According to two new studies published in the American Journal of Human Genetics, modern allergies for many people are likely a byproduct of interspecies sex between Homo sapiens and the ancient Hominids, Neanderthals and Denisovans.
Congratulations, you probably have your runny nose because your human ancestors got freaky with cavemen.
Before you go off on how much you hate whoever cursed you with hives and a watery eyes, be proud of your ancestors, because finding flat, tiny heads and wooly unibrows sexy is pretty hardcore.
Neanderthals and Denisovans — a now extinct Hominid – lived in Europe and Central Asia about 200,000 years before Homo sapiens, a.k.a. humans, showed up. By the time humans arrived and started having sex with everyone, the Neanderthals and Denisovans had been living in the area for so long that they were immune to the local pathogens. The newcomers were not.
So, ancient Hominid DNA + Homo sapien DNA = ugly babies and allergies. However shitty allergies may seem, the interspecies breeding actually led to some amazing gene variation, making for some seriously strong immune systems. The allergies were just an unfortunate side-effect.
“Increased resistance to bacterial infection was advantageous, but may have resulted in some increased sensitivity to non-pathogenic allergens,” said Janet Kelso in a press release via Cell Press. Kelso is a researcher at the Max Planck Institute for Evolutionary Anthropology in Leipzig, Germany, and senior author of one of the studies. "I suppose that some of us can blame Neanderthals for our susceptibility to common allergies, like hay fever," she continued.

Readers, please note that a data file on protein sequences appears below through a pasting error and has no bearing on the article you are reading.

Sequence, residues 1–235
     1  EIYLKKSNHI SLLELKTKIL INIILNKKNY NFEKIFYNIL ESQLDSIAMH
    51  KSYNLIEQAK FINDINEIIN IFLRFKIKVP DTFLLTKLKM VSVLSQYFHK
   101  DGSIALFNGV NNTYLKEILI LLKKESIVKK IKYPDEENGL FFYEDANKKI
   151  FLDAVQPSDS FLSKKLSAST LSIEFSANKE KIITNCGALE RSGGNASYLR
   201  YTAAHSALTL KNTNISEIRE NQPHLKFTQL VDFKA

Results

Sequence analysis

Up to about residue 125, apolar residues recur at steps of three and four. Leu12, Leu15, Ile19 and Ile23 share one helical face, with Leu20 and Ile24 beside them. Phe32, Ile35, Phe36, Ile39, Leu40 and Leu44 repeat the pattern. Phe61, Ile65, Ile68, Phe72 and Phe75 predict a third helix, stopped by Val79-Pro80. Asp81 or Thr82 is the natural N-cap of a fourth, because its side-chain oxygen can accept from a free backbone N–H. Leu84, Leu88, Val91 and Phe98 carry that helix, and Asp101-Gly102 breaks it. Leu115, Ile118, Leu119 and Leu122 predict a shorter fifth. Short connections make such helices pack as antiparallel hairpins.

Through human DNA collected by the 1,000 Genomes Project, scientists from both studies were able to identify three specific genes from Neanderthals and Denisovans that make up part of the human body’s innate immune response to bacteria and viruses- TLR6-TLR1-TLR10. "When the body detects that there is some foreign substance in the body, these are the guys that react immediately," as Kelso puts it.
The studies found that about 2% of the DNA in most people came from Neanderthals and Denisovans, and that in some European and Asian groups, the three ancient Hominid genes can be found in 50% of the population, making them super immune, but also probably super allergic.
The researchers reported that the genetic variation that came from interbreeding helped early humans survive when they left Africa. “The things we have inherited from Neanderthals are largely things that have allowed us to adapt to our environment,” Kelso said. “This is perhaps not completely surprising.”
There is still a lot of research to be done about Neanderthals and genetics, but now you know that if someone calls you a Neanderthal as an insult, they’re actually calling you a very healthy sex machine, so joke’s on them.